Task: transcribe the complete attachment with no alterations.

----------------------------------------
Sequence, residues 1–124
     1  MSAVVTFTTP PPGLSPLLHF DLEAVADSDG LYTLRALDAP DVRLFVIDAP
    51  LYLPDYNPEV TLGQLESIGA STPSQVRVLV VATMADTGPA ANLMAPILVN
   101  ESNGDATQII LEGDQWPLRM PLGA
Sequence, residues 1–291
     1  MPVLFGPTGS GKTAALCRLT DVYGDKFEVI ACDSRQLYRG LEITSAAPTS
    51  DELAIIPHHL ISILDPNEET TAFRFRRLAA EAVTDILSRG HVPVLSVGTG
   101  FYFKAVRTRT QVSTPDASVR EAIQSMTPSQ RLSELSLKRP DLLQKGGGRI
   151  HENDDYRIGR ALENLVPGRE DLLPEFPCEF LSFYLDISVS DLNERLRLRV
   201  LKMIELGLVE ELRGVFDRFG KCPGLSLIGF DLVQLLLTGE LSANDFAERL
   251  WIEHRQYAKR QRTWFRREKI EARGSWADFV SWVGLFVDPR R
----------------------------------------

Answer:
Sequence, residues 1–124
     1  MSAVVTFTTP PPGLSPLLHF DLEAVADSDG LYTLRALDAP DVRLFVIDAP
    51  LYLPDYNPEV TLGQLESIGA STPSQVRVLV VATMADTGPA ANLMAPILVN
   101  ESNGDATQII LEGDQWPLRM PLGA
Sequence, residues 1–291
     1  MPVLFGPTGS GKTAALCRLT DVYGDKFEVI ACDSRQLYRG LEITSAAPTS
    51  DELAIIPHHL ISILDPNEET TAFRFRRLAA EAVTDILSRG HVPVLSVGTG
   101  FYFKAVRTRT QVSTPDASVR EAIQSMTPSQ RLSELSLKRP DLLQKGGGRI
   151  HENDDYRIGR ALENLVPGRE DLLPEFPCEF LSFYLDISVS DLNERLRLRV
   201  LKMIELGLVE ELRGVFDRFG KCPGLSLIGF DLVQLLLTGE LSANDFAERL
   251  WIEHRQYAKR QRTWFRREKI EARGSWADFV SWVGLFVDPR R